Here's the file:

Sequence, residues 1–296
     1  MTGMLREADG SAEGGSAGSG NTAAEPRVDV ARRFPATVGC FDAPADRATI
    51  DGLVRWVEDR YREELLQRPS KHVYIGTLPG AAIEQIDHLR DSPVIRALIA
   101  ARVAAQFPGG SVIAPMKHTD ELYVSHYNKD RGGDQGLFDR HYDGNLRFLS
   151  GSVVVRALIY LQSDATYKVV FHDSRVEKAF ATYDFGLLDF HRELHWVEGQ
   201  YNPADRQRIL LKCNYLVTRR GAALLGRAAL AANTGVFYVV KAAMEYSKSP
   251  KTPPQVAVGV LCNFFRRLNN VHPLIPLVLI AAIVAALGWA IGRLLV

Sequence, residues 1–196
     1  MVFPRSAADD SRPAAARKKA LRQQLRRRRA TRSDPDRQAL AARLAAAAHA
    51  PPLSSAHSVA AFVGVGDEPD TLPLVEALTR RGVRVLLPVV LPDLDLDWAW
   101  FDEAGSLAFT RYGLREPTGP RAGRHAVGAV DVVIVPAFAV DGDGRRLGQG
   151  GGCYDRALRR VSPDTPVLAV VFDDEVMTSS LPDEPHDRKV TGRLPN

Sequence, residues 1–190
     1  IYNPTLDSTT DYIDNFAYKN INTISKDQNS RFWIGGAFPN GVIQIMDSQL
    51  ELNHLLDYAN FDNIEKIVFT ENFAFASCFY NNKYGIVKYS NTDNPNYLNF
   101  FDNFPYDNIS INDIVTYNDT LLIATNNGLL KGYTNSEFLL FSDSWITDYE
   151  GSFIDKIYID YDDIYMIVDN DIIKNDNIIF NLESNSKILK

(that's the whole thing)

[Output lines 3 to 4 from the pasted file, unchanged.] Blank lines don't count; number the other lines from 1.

    51  DGLVRWVEDR YREELLQRPS KHVYIGTLPG AAIEQIDHLR DSPVIRALIA
   101  ARVAAQFPGG SVIAPMKHTD ELYVSHYNKD RGGDQGLFDR HYDGNLRFLS